I have just returned from a meeting of the American Academy of Appellate Lawyers in my old stomping grounds, Chicago. It was particularly engaging in terms of subject matter (as well as giving me the opportunity to eat a REAL pizza again). Here’s part one of my take-aways.
The first session was about appellate brief writing as storytelling, with the speakers two lawyers who write bestselling fiction in their spare time – Ronald Balson (in private practice, writing historical fiction) and David Ellis (a justice in the intermediate state court of appeals, who writes thrillers with James Patterson). Apparently, they don’t sleep. (Justice Ellis says he gets up and writes from 3:30 am until 7:30 am. Yikes.)
I’ve always thought that the rules for fiction and legal writing overlapped greatly (insert here joke about judges often thinking briefs are fiction). Obviously, there are differences – first and foremost, we must stick to the facts – but the speakers confirmed my belief that in both types of writing you should find a hook at the beginning, then do your best to keep the reader engaged so s/he’ll keep reading.
The hook is key because people’s attention is greatest in the beginning. Grabbing the reader involves a likeability element for your client (or at least the principle her or her case is advancing). Engaging involves making the text as clear and easy to follow as possible. Justice Ellis, consistent with his James Patterson relationship, emphasized the need to keep everything short – short sentences, short paragraphs, short “chapters,” with lots of white on the page. This “shorter is better” view extends even to using snappy transitional words – not “Additionally” but “and.” Not “however”; use “but.” A good model to follow, he said, and I firmly agree, having blogged on this before, are the opinions from Supreme Court Justice Kagan.
Also an important element (which Justice Kagan is good at) is distillation – understanding and advancing the simple, cohering point of your position. CJ Roberts when in practice would take a record and figure out how to distill the matter into five words. Fiction writers are supposed to have an elevator pitch – if you meet an agent in an elevator and have 90 seconds to get them to want to read your book, you should have that short pitch memorized and good to go. It’s a useful step to take in writing a brief, too, because it helps you draft keeping in mind the bottom-line point you are trying to make. Identify the elevator pitch for your client and go from there.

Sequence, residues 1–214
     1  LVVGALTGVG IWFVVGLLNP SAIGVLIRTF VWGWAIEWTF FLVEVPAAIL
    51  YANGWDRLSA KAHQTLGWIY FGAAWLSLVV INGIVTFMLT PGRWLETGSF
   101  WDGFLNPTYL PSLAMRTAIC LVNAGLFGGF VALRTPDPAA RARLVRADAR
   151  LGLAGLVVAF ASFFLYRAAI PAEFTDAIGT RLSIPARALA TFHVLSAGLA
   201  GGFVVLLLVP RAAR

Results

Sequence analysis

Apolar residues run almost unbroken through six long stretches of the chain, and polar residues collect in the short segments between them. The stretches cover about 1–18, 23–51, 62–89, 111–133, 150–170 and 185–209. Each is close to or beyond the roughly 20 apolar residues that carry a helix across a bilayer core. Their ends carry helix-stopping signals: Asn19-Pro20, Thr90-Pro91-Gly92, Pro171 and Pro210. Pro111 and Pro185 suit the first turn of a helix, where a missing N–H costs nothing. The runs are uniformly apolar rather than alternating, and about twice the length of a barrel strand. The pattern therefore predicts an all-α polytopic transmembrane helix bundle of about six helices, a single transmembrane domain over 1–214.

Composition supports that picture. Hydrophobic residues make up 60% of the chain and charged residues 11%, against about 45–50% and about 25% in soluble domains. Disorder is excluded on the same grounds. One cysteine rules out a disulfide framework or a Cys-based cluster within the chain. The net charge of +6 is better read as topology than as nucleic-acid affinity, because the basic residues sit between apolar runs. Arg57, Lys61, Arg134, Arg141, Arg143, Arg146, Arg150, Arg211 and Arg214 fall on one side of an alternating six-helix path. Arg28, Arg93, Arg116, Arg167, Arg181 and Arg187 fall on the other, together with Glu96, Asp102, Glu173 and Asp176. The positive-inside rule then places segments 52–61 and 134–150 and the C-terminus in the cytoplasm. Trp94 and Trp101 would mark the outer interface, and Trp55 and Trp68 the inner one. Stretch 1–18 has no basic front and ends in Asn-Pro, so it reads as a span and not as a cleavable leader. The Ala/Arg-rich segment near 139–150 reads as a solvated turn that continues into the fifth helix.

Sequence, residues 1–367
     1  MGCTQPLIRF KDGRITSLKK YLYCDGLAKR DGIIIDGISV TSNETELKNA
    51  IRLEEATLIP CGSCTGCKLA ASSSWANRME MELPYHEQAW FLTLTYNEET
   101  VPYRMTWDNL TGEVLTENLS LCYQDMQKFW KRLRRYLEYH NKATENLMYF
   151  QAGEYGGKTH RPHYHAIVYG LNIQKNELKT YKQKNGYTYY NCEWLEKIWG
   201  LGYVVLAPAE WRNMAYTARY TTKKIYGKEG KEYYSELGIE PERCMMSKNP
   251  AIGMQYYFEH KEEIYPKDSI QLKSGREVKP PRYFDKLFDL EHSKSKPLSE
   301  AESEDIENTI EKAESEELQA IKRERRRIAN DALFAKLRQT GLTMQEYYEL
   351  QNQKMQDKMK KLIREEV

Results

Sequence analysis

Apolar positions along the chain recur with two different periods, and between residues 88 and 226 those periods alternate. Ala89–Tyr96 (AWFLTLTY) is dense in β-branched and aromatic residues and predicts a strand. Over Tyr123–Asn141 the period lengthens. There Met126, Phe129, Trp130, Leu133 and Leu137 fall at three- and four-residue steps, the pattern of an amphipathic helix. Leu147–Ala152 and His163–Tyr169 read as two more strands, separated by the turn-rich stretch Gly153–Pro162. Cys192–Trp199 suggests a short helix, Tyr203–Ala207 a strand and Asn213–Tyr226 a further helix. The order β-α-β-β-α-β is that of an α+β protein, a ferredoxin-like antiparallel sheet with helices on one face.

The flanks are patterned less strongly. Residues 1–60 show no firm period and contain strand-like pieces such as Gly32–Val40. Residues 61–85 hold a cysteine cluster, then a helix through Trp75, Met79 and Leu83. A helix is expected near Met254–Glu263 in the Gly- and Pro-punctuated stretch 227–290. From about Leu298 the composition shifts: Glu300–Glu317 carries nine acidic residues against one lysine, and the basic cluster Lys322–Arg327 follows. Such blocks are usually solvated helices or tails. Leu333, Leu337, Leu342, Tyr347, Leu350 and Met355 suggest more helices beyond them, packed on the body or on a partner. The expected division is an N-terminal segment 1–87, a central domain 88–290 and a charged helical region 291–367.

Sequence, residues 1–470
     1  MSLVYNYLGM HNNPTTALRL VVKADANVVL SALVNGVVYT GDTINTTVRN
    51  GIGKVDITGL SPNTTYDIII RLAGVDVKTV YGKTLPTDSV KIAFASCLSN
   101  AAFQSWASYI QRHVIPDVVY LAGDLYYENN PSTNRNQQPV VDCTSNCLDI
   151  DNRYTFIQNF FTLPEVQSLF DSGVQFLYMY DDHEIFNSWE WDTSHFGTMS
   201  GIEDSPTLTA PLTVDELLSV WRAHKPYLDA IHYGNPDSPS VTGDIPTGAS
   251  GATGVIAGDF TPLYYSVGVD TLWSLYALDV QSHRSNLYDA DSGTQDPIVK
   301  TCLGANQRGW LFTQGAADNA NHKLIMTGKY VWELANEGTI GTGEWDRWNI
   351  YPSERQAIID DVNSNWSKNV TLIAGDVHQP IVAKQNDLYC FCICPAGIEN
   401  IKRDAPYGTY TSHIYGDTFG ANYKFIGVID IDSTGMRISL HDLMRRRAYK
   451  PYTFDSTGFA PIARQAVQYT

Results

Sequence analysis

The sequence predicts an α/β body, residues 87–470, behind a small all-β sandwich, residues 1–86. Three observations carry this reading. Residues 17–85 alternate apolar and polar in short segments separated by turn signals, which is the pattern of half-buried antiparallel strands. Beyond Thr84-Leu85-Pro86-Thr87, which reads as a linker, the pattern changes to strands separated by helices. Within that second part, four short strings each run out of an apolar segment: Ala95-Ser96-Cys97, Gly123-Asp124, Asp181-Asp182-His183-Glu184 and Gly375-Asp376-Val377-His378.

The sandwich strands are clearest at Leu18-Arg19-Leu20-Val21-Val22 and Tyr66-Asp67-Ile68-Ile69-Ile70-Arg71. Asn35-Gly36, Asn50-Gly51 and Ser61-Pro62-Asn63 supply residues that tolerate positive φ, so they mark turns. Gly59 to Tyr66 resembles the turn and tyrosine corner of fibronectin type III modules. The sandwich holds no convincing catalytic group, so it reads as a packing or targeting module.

Don’t use acronyms, jargon and assume the judges know what you are talking about. Don’t talk down to them, but use plain English to explain things. Judges are typically inclined to be readers and like to learn things. They also have massive amounts of reading they have to do. You want to get your manuscript out of the slush pile, and read through-and-through. So treat them like any other human, and tell them a good story.
Illinois appellate panel
The next session had a discussion from a panel of Illinois appellate judges on legal writing. Since we’ve covered many of their points in previous blog entries, I’ll focus only one they made – don’t end with a whimper, either in the briefing or argument. BANG.
Lincoln lawyer lunch
The luncheon speaker gave a great presentation about Abraham Lincoln as an appellate lawyer. He de-bunked some of the myths about Honest Abe (e.g., Lincoln argued an equal number of cases against as on behalf of railroads), and apparently he fluffed filing a few briefs on time (then threw himself on the mercy of the court, which worked).
Interestingly, the few briefs they have in his hand echo his speech drafts, with very few cross-outs. The speaker said Lincoln was a slow thinker, so when he wrote something down, it had all been thought through. I wonder whether that would prove the same today, when he’d have a computer allowing easy revision.
Mixed judge panel
The next session included a variety of appellate judges from the state and federal benches – two Seventh Circuit judges, and Illinois Supreme Court Justice, etc.
One topic discussed was the reduction in number of appeals (as well as litigation). Appeals are down 40% across the board in Illinois. Various factors were discussed for this phenomenon, but one point made was that for many years, the court system had no competition for dispute resolution. Now it does. Hence, the court system needs to think about what value added it has to offer.
The judges came from a dizzying array of different backgrounds –prosecutor/private practice/public defender/trial judge/professor – and they were asked what experience they had before they became appellate judges that most affected their perspective or was useful to them as appellate judges. The answer that struck me most was from the judge that said it was growing up working in her mother’s beauty parlor – learning to listen, hard work, and how to persuade.
In terms of opinion writing, one point they made was that the opinion is essentially the only place a judge can explain his or her thinking. Their ability to speak outside that forum is very circumscribed. So it’s important for this reason for the judge to spell out clearly in his or her opinion why the court reached the decision it did, as well as to give closure to the parties.
This blog entry has already gone on too long for Justice Ellis’ keep it short approach, so let’s stop here for now.